|Beau and Calyx Shenecker|
by Guest Writer, Diane Fanning
Two years ago today, Julie Schenecker used a handgun to end the lives of her children, 16-year-ol Calyx and 13-year-old Beau. To obtain that firearm, she lied. She filled out a form at the gun shop denying that she’d ever been committed to an institution for mental health reasons and she swore she was not addicted to any drugs.
Julie Schenecker is an obvious example of why it is essential to have universal background checks that include accurate input from mental health professionals as well as criminal records for every single transfer of gun ownership.
In Newtown, a young man mowed down 20 six-year-old children and five school staff members. Using a Bushmaster with a massive ammunition clip, he riddled the tiny, helpless bodies of first graders with bullets. It was his mother’s gun, legally obtained.
Why do some believe that their right to have fun firing off these lethal weapons designed for mass killing is more important than the lives of our children? Every right we have as Americans has its limitations—not to curtail our liberty—but to provide equal protection under the law for all of our citizens.
Before Australia banned these assault weapons and clips, they averaged a mass murder every year. Since then, they have had none—not one. Weapons designed to kill as many as possible in a short period of time have no place in a civil society.
This past week in Texas, gunfire erupted at Lone Star College. Three were wounded, many were terrified, the campus was locked down. A contributing factor to traumatic experience was the insistence of state leaders that faculty and students should be allowed to carry concealed weapons when they go to their schools.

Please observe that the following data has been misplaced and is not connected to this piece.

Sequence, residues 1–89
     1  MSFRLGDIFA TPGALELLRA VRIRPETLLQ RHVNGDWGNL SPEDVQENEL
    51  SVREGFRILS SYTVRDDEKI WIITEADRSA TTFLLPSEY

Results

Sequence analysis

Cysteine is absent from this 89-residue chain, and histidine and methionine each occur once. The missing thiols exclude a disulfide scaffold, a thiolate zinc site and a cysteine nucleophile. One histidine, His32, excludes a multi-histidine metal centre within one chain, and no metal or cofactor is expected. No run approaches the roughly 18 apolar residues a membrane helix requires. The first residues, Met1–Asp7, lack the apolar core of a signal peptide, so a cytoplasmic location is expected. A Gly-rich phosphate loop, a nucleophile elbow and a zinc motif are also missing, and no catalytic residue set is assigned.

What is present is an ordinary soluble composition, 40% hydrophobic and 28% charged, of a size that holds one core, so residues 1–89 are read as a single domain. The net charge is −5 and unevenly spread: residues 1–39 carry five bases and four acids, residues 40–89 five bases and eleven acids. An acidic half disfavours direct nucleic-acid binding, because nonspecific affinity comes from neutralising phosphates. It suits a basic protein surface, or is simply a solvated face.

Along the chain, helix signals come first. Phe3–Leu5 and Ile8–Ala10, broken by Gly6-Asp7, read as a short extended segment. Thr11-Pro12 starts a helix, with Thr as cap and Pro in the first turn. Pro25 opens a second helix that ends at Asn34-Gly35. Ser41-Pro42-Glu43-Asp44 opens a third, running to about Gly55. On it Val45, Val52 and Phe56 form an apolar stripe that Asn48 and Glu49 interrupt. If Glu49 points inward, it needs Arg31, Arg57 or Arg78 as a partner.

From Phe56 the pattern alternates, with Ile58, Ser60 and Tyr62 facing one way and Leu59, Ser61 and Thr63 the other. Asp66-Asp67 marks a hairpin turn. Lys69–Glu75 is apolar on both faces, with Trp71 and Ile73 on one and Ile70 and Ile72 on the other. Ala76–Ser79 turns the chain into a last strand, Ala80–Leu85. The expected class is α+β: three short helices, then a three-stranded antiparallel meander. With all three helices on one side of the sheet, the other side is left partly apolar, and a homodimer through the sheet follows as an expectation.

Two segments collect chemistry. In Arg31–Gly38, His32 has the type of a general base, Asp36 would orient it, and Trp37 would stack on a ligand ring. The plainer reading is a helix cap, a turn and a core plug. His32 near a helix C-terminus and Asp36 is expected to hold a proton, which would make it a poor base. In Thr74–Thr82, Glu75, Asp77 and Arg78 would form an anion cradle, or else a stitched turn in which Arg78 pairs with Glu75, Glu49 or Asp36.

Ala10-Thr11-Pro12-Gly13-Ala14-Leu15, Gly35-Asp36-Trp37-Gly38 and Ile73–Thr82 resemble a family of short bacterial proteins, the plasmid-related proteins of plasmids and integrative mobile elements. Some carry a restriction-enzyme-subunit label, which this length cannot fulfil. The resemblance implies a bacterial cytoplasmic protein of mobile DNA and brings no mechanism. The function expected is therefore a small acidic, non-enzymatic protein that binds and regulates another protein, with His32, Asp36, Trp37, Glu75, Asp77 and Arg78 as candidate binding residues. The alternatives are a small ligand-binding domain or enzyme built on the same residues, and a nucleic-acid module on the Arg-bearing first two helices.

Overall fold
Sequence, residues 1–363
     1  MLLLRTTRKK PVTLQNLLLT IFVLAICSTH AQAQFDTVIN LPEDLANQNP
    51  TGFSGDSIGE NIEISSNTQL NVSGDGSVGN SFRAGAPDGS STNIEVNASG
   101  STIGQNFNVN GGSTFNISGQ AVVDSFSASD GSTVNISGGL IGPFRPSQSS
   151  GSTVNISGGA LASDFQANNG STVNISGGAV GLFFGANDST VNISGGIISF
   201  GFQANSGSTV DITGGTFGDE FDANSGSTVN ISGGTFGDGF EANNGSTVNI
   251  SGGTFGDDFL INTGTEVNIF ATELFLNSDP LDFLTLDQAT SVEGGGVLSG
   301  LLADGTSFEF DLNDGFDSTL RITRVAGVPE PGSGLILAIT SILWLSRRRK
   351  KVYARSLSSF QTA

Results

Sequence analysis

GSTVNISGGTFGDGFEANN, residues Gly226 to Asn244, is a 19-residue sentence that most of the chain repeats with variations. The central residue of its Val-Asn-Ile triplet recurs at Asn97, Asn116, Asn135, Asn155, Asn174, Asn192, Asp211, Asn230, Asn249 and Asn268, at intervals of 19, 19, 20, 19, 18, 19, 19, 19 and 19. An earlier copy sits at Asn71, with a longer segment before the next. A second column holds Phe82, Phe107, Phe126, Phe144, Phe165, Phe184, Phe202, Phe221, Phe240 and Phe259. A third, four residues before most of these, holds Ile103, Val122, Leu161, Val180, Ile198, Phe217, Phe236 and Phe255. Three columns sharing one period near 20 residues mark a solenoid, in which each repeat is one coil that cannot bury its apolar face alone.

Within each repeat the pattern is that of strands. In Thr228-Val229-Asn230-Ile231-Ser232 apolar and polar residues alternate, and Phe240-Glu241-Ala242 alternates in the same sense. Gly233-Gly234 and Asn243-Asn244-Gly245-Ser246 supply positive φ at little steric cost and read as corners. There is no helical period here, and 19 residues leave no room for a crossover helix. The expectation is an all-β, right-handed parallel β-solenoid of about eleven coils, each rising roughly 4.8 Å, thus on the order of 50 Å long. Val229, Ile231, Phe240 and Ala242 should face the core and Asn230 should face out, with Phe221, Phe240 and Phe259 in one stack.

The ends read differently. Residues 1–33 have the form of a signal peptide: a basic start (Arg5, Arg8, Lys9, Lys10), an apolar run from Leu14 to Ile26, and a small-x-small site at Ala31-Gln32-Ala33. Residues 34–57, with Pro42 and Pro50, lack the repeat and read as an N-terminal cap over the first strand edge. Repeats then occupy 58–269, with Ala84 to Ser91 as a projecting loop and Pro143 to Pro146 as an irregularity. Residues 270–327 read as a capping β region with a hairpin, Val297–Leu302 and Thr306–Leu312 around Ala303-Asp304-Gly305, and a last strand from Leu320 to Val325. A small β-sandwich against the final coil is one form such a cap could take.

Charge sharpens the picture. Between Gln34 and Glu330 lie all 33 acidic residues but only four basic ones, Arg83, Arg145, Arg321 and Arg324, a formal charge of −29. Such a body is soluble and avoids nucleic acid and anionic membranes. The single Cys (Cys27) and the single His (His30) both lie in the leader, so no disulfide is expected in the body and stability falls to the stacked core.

The laissez-faire attitude my state and others have toward responsible, reasonable gun regulations have directly contributed to deaths of its citizens. The more guns there are in the public square, the more likely the incidence of gun violence.
I understand and accept the strong multi-generational ties to hunting. I would not advocate for abolishing those weapons. I understand the psychological need for others to possess handguns in their homes to protect their families, even though, statistically, it is far more likely that weapon will be used to take the life of someone in that house than it will ever be used to defend their personal safety. I am not suggesting that this right should be taken away.
But one of every two women killed by gunfire dies at the hand of an intimate partner. States that have adopted laws mandating that all gun ownership exchanges—even private gun sales require background checks—have seen a 40 per cent drop in this lethal form of domestic violence. Is this minor inconvenience more troublesome than the loss of these women’s lives?
I acknowledge the fear of some Americans that there is a slippery slope—that if we ban one weapon, add one caveat to purchase restrictions, soon the government will take every firearm we own. The Supreme Court, however, has taken a stand and marked this territory as sacrosanct. There is a right to the individual ownership of guns. The slippery slope exists only in the minds of the paranoid, the fanatical and those who have been misled by fear mongers.
It is time to ignore those voices whose purpose in speaking out is only to frighten our fellow Americans. It is time for all of us to speak up and make it clear that we value the lives of children more than some adult’s recreational pleasure. It is time to stand up for human life.
Diane Fanning is the author of Sleep My Darlings, the story of the Schenecker tragedy, coming April 30. It will be Diane’s twentieth published book.
Sleep My Darlings is ready for pre-order at Amazon and Barnes & Noble.